Runner-up prizes, special Judges' Awards and Highly Commended prizes may be awarded at the judges' discretion. The full prize money will total £25,000 to be shared across winning schools.
Prize money will be awarded to the school.
interactive investor Services Limited reserves the right to alter, withdraw or amend this competition at any time.
Winner selection and notification:
The winners will be selected by a panel of judges selected by Interactive Investor Services Limited. Judging will be on the basis of the lesson plans and supporting statements supplied.
The winners will be notified by mail, email, telephone or in person as soon as reasonably practicable after the judges have made their decisions. The notification will include details of how the prize can be claimed.
In the event that a winner does not accept their prize, Interactive Investor Services Limited reserves the right to select an alternative winner.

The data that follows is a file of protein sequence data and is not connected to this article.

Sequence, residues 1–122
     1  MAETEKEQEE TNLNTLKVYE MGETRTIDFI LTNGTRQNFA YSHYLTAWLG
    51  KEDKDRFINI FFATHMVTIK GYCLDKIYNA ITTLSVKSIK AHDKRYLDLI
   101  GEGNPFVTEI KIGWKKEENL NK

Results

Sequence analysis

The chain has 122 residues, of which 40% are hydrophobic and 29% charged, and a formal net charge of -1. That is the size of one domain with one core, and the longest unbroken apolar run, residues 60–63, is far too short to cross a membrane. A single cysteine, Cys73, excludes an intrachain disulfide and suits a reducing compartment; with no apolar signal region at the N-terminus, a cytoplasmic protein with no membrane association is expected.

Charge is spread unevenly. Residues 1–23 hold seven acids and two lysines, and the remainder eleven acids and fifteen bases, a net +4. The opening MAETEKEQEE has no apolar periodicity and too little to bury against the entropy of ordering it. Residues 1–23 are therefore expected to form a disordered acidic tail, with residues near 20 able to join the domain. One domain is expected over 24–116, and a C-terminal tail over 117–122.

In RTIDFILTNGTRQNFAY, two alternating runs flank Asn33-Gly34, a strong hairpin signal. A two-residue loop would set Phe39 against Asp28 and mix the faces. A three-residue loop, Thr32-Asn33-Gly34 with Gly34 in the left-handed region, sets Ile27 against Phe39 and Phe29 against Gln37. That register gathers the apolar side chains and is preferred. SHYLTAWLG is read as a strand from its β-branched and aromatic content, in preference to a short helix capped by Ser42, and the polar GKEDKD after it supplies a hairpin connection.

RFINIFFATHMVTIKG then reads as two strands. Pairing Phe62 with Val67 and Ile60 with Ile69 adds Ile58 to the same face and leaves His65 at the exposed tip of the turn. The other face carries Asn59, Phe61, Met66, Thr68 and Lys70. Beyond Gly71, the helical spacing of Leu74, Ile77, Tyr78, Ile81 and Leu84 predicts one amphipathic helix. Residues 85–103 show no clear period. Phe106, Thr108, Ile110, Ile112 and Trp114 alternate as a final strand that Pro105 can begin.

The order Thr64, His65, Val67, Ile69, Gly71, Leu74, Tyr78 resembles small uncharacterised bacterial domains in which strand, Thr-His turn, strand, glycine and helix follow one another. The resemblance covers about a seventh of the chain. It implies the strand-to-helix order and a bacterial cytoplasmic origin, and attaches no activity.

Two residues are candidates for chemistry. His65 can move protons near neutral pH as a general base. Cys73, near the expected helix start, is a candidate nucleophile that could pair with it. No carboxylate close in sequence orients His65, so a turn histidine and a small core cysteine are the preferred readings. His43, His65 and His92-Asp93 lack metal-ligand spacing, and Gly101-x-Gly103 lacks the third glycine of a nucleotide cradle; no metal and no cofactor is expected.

The winners consent to the use by Interactive Investor Services Limited of the winner's name, and school name and town/City, for the sole purposes of announcing the winners. By claiming the prizes, all winners consent to the same.
Winners consent to their photos, names and the name of their school being used by interactive investor. By claiming the prizes, all winners consent to the same.
Winners consent to their photos, names and the name of their school being used by other media unconnected with interactive investor. By claiming the prizes, all winners consent to the same.
By allowing their nominations to be considered by the judges, all participants agree to be bound by these terms and confirm that the decision of Interactive Investor Services Limited is binding.
The competition will be governed by English law and entrants to the competition submit to the exclusive jurisdiction of the English courts.
The competition is run by Interactive Investor Services Limited, 201 Deansgate, Manchester, M3 3NW.